By Jim EllisAug. 2, 2018 — A new Suffolk University survey (July 24-29; 500 likely Nevada voters) returns numbers that again show Sen. Dean Heller (R) and Rep. Jacky Rosen (D-Henderson) falling within the margin of polling error with neither candidate attracting majority support.
According to Suffolk, Sen. Heller leads Rep. Rosen by a bare 41-40 percent margin, meaning the two are virtually tied. This is the first poll since mid-April that projects the senator to any kind of an advantage, but even the four surveys in between, all of which favored Rep. Rosen, showed margin spreads in the realm of two to six points. Of the eight polls publicized for this race during the entire election cycle, in only one, the April Survey Monkey study, did either candidate ever reach the 50 percent mark (Rosen, 50-44 percent; Survey Monkey; April 2-23; 1,332 Nevada registered voters in the Survey Monkey pool).
Suffolk also tested the state’s open governor’s race, and found an equally tight contest. Here, Republican Attorney General Adam Laxalt posts a 42-41 percent tally over Democratic Clark County Commissioner Steve Sisolak. In the one previously released post-primary general election poll, from Gravis Marketing (June 23-26; 630 likely Nevada general election voters), an almost identical result was projected: Laxalt leading 43-41 percent.
The Nevada Senate race is one of the most important in the nation this year, and one of two main Democratic conversion targets (the open race in Arizona is the other). Winning this race is the only gateway to the Democrats potentially gaining the Senate majority, thus we can expect to see major political action in this state for the remaining prime campaign months.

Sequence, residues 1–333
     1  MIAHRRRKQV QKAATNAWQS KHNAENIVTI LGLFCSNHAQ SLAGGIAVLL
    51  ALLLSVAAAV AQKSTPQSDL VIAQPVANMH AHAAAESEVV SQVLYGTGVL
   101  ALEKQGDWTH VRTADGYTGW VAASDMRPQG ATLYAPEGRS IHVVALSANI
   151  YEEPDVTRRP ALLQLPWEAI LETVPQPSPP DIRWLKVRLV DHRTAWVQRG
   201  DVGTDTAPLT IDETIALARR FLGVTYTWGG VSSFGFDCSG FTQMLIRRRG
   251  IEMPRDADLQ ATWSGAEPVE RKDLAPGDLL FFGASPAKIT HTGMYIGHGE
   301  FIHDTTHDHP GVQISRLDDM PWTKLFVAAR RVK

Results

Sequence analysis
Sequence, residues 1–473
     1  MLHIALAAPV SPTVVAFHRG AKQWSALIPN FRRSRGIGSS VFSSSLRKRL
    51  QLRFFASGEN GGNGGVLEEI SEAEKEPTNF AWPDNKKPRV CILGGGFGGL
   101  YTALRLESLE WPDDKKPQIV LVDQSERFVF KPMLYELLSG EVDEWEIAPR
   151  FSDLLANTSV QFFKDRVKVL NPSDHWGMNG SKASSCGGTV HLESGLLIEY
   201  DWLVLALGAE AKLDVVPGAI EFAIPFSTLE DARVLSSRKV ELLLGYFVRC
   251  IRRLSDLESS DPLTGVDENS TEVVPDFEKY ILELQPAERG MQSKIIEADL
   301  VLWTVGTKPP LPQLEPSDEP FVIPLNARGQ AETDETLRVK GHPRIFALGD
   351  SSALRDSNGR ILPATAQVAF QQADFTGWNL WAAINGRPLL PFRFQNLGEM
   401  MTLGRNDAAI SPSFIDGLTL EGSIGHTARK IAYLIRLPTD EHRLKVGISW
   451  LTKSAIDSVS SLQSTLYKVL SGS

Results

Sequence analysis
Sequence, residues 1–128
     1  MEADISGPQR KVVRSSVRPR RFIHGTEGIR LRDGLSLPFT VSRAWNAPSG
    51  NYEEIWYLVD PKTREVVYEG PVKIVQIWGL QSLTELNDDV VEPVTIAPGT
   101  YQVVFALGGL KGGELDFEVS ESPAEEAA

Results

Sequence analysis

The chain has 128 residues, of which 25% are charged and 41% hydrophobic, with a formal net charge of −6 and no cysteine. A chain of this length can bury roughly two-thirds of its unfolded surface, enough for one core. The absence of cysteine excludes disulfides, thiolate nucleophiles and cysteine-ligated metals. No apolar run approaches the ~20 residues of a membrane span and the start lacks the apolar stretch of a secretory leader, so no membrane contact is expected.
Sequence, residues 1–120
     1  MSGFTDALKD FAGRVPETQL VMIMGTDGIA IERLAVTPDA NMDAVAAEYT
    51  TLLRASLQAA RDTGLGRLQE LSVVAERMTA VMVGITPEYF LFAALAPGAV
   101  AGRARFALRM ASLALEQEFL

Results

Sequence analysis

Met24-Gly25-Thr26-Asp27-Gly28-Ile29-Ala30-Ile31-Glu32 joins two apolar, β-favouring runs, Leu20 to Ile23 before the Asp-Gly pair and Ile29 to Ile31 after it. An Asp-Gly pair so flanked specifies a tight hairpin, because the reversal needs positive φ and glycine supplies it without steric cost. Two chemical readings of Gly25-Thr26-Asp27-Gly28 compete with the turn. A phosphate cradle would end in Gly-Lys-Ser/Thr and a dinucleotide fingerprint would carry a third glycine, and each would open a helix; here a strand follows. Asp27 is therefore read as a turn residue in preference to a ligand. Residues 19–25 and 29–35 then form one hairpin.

Back in 2012, Sen. Heller won a very tight 46-45 percent victory as the appointed incumbent over then-Rep. Shelley Berkley (D-Las Vegas). Gov. Brian Sandoval (R) chose then-Rep. Heller to replace resigned-Sen. John Ensign (R) in May of 2011. Though the senator’s victory margin was small, it is important to remember that he won the race even though President Obama led the Nevada ticket with a 52-46 percent spread over Republican Mitt Romney.
Though Nevada is usually regarded as a lean Democrat state, it was only four years ago, in the last midterm election, when Gov. Sandoval led a Republican sweep in the 2014 election that saw the GOP winning the entire statewide ticket, taking three of four congressional seats, and claiming both houses of the state legislature.
Democrats came back in 2016 when they won the presidential contest (Hillary Clinton topping Donald Trump, 48-46 percent), took the open Democratic Senate race, and re-claimed two of the House seats they lost in ’14, as well as both state legislative chambers. Therefore, Nevada’s swing political nature suggests that virtually anything could result in the impending election.
The money count is high on both sides and is no object for either candidate. Rep. Rosen, including transfers from her House campaign account, raised $9.4 million through June 30 and has $3.8 million in the bank after spending more than $5 million during the cycle. Sen. Heller has obtained $10.9 million, spent $5.3 million, and has $5.9 million cash-on-hand. None of these figures include what should be millions of dollars in outside spending on behalf of both candidates.
It is obvious that the Nevada Senate campaign rates as a pure toss-up, as does the open governor’s race.